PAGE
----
Edited by Steffen Koch (Ruhr-Universität Bochum)
‘Conceptual Engineering’ is both the name of a philosophical method and the name of an increasingly popular field of metaphilosophical research. Although the method of conceptual engineering has arguably been practiced throughout the history of philosophy, it has not been until recently that conceptual engineering became the object of metaphilosophical research. The key idea of conceptual engineering is to take a normative approach to traditional philosophical questions: Instead of asking what our current concepts of say, knowledge, race or gender, do mean, conceptual engineers ask what these concepts should mean. The underlying assumption is that our actual concepts are not necessarily ideal and that improving them is an important desideratum of philosophy. The contemporary metaphilosophical debate about conceptual engineering involves questions regarding its normative foundations, its actual feasibility, its coherence with semantic externalism and its proper limits.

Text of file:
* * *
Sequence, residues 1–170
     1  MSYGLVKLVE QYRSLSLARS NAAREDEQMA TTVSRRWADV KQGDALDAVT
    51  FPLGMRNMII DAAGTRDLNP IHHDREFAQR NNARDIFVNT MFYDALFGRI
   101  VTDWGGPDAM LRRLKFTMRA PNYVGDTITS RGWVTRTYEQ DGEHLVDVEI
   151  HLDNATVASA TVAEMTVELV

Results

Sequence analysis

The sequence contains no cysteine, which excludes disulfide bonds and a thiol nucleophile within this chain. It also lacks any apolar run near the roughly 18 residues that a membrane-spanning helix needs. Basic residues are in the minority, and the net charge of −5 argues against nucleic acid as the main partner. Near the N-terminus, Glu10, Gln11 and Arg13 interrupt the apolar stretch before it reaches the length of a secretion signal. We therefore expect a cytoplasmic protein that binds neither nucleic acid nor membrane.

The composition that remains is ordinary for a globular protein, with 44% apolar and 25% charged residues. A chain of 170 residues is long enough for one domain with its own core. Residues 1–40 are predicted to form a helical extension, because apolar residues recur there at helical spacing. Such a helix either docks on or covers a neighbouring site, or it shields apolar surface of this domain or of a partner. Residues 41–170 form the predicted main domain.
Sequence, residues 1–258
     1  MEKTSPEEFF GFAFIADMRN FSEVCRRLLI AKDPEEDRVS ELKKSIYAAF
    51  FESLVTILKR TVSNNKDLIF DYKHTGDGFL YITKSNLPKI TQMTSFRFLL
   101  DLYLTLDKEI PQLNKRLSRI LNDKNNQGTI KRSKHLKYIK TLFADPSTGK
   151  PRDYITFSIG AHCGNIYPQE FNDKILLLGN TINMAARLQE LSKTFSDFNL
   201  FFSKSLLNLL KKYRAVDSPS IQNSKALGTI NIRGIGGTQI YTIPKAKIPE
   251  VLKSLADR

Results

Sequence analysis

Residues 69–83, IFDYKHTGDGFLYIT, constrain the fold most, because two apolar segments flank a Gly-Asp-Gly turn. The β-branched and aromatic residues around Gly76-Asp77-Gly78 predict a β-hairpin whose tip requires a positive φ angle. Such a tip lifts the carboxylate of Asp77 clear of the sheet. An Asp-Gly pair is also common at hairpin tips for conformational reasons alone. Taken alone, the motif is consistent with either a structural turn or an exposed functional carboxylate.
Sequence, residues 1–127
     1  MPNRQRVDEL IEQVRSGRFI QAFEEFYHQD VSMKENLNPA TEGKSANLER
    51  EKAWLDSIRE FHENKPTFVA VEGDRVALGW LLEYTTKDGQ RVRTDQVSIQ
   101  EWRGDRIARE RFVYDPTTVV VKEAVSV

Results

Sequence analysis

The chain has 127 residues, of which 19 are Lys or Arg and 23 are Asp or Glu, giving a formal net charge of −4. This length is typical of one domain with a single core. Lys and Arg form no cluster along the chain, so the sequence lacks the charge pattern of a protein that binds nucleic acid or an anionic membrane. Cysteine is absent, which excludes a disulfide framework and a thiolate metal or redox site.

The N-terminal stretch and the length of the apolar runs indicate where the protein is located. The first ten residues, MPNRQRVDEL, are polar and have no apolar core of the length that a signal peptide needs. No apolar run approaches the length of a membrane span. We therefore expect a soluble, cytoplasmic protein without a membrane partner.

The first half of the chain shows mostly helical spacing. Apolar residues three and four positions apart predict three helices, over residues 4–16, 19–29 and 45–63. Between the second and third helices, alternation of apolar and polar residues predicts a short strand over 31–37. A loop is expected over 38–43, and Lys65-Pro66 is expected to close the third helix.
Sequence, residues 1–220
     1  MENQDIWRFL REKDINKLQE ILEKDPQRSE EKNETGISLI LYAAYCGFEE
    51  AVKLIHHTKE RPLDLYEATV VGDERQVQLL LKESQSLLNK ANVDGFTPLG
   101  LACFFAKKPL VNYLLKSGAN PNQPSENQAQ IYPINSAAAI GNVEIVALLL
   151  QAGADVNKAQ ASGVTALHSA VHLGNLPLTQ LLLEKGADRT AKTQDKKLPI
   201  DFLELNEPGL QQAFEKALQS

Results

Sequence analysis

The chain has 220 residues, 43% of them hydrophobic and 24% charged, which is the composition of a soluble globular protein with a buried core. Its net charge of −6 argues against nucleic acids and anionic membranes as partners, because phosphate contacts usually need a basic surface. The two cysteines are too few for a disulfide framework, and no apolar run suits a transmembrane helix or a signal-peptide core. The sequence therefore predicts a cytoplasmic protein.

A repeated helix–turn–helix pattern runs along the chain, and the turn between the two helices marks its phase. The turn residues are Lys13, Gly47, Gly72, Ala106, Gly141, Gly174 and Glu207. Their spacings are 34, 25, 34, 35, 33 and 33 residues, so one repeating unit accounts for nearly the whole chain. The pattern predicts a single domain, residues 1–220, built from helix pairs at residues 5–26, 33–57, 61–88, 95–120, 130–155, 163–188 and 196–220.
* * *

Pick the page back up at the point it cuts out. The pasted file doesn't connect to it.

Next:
Many contemporary authors in the field link their work to Rudolf Carnap’s method of explication (Carnap 1950), which is a kind of conceptual engineering designed for the purposes of science. Brun 2016 contains a very helpful discussion of Carnapian explications. Another important starting point for current discussions about conceptual engineering is Sally Haslanger's so called 'ameliorative analysis', introduced in Haslanger 2000 and further developed in Haslanger 2012. Burgess & Plunkett 2013, Burgess & Plunkett 2013 approach more broadly what they call 'conceptual ethics'. The first monograph on conceptual engineering is Cappelen 2018.
As of yet, there are no introductory texts on conceptual engineering, but most of the work is fairly comprehensible. See the first two chapters of Cappelen 2018, Burgess & Plunkett 2013 and Burgess & Plunkett 2013 for helpful characterizations of the basic goals of conceptual engineering as well as a list of example cases. See Brun 2016 for a good introduction and discussion of Carnapian explications as a method of doing philosophy.
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